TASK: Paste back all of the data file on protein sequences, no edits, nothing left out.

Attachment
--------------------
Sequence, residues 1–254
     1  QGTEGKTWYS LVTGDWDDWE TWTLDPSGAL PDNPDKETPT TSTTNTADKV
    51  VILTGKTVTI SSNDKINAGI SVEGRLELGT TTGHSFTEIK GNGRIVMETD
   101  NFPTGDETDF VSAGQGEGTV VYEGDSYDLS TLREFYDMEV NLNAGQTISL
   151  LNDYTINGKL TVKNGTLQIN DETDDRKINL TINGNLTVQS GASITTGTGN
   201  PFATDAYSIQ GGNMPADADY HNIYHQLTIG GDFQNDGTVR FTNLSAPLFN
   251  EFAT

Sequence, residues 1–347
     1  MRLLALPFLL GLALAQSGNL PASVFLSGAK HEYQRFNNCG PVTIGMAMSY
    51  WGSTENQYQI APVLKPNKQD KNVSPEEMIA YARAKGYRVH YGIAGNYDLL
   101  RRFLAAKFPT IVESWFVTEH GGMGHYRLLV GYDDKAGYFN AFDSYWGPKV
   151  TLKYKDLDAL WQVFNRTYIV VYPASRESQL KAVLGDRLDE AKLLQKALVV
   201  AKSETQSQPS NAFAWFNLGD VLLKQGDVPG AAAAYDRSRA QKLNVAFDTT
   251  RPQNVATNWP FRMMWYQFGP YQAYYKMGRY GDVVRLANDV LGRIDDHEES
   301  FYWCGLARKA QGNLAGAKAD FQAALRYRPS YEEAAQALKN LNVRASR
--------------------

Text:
Sequence, residues 1–254
     1  QGTEGKTWYS LVTGDWDDWE TWTLDPSGAL PDNPDKETPT TSTTNTADKV
    51  VILTGKTVTI SSNDKINAGI SVEGRLELGT TTGHSFTEIK GNGRIVMETD
   101  NFPTGDETDF VSAGQGEGTV VYEGDSYDLS TLREFYDMEV NLNAGQTISL
   151  LNDYTINGKL TVKNGTLQIN DETDDRKINL TINGNLTVQS GASITTGTGN
   201  PFATDAYSIQ GGNMPADADY HNIYHQLTIG GDFQNDGTVR FTNLSAPLFN
   251  EFAT

Sequence, residues 1–347
     1  MRLLALPFLL GLALAQSGNL PASVFLSGAK HEYQRFNNCG PVTIGMAMSY
    51  WGSTENQYQI APVLKPNKQD KNVSPEEMIA YARAKGYRVH YGIAGNYDLL
   101  RRFLAAKFPT IVESWFVTEH GGMGHYRLLV GYDDKAGYFN AFDSYWGPKV
   151  TLKYKDLDAL WQVFNRTYIV VYPASRESQL KAVLGDRLDE AKLLQKALVV
   201  AKSETQSQPS NAFAWFNLGD VLLKQGDVPG AAAAYDRSRA QKLNVAFDTT
   251  RPQNVATNWP FRMMWYQFGP YQAYYKMGRY GDVVRLANDV LGRIDDHEES
   301  FYWCGLARKA QGNLAGAKAD FQAALRYRPS YEEAAQALKN LNVRASR